CONQUERING SHAME AND CODEPENDENCY is a good self-help book authored by a family therapist who has years of work in this area of change and development. I liked the style of the writing, it is not preachy or overbearing expertise, rather it is carefully thought out and simply worded so that any reader could find some new knowledge and information about themselves. The demonstrating stories for the steps explored are relevant and understandable; they complete the point and observation.  The format is pleasing with some clear explanation of what might be causing recurring or “stuck” behaviors followed up with some very simple exercises that even young adults can follow and implement without years of therapy or experts.

I believe that CONQUERING SHAME AND CODEPENDENCY could be used in adolescence classrooms as a work book with a teacher attached. Young people a could identify areas where they might be stuck and frustrated in their independence moves and have a resource to remind them when they might need some help in the future.  Shame is also about all those crazy tapes that repeat in the mind, about how foolish one is or how “ugly” they might be, and how we react to those reoccurring mind words.   I have never met a person who has not felt humiliated at some point in their life; it can be reassuring to know one is not alone and have a few tools to change the way one is thinking.

I believe many woman could benefit from owning this resource as so many get isolated at home tasks or taking care of others and may need their thinking refreshed rather than reaching for  a cupcake, glass of wine, or anti-depression medication.  A little mental exercise towards releasing old ideas and maybe deleting despair and moving forward to opening up new ideas and ways to proceed.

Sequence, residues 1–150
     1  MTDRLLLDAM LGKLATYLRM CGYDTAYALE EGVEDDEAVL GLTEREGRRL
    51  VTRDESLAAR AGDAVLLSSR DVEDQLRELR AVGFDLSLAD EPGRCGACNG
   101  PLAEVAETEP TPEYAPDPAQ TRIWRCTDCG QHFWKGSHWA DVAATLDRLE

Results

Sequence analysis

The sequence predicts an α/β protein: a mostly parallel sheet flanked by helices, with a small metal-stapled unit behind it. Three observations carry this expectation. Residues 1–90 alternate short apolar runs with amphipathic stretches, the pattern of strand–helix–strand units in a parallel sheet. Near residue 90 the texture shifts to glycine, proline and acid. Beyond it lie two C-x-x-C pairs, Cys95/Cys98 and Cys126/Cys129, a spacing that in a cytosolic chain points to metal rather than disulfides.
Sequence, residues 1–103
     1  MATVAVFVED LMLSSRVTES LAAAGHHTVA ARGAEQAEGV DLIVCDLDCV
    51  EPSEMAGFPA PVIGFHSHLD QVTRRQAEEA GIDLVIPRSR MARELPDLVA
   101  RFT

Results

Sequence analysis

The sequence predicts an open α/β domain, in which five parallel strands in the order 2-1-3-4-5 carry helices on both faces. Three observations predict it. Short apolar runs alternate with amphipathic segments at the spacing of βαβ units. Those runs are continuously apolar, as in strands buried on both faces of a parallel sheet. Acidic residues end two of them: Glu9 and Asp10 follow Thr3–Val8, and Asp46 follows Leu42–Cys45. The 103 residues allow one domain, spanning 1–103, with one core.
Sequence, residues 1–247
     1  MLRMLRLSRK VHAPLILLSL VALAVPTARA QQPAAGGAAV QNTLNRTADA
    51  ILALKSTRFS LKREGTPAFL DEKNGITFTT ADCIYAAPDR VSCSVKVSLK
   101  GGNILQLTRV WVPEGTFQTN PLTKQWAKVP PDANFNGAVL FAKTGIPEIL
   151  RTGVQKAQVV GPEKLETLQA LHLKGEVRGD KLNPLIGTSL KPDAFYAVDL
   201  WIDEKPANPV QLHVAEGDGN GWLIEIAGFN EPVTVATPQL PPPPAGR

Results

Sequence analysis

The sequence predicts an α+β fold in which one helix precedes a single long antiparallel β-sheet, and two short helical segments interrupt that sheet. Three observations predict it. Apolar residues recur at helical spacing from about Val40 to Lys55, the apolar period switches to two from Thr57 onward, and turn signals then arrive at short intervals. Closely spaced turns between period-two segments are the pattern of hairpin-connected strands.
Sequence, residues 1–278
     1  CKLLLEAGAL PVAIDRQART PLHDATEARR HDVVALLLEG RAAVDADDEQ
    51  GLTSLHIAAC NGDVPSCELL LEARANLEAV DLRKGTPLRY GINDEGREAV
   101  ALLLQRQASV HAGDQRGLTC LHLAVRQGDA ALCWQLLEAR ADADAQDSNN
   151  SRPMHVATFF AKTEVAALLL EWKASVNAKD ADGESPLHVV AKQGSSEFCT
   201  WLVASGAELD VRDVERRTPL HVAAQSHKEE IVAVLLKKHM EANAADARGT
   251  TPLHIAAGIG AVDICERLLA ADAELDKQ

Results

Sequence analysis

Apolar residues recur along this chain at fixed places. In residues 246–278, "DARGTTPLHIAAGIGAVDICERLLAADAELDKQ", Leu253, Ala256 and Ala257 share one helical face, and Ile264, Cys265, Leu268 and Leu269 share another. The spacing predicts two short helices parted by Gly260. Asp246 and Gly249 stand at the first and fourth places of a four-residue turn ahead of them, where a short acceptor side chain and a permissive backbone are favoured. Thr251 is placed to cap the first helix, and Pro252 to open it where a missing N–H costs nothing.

The book was a nice refresher course and it helped me dust off some old techniques that I learned over the years.  I was having dental surgery while reading this book, and feeling a big sense of shame over how much my teeth and jaw repair was costing.  My parents were both teachers and proud that my brother and sister had no cavities, whereas they were rather angry about how my pitted teeth dug into the family finances; I just was not taking enough responsibility for their care.  Even though I now save money for healthcare and have dental insurance, when I heard how much my recent co-pay would be all those old messages of failure came up to play a tune – I had failed to do enough! CONQUERING SHAME AND CODEPENDANCY just might be a great companion to keep on your shelf or nearby for relief.   It could be a great sleep aid for those who worry all night long – have a glass of water and do an exercise from the book and get some rest.

The eight steps:

  1. Find Your True Self
  2. Uncover Your Shame
  3. Find Your Shame’s Roots
  4. Disarm Your Shame
  5. Confront Your Shame
  6. Share Your Shame
  7. Build Your Self-Esteem
  8. Love Yourself

tlc logo  TLC Online Book Tours  and HAZELDEN Press sent me an unproofed copy for review and I am very happy to have been on this tour and enjoyed reading this book

“Darlene Lancer, JD, LMFT is a licensed family therapist with over twenty years of experience working with individuals and couples.  She regularly lectures on self-esteem, codependency, and addiction.  Author of Codependency for Dummies and 10 Steps to Self-Esteem, she has also published numerous articles.“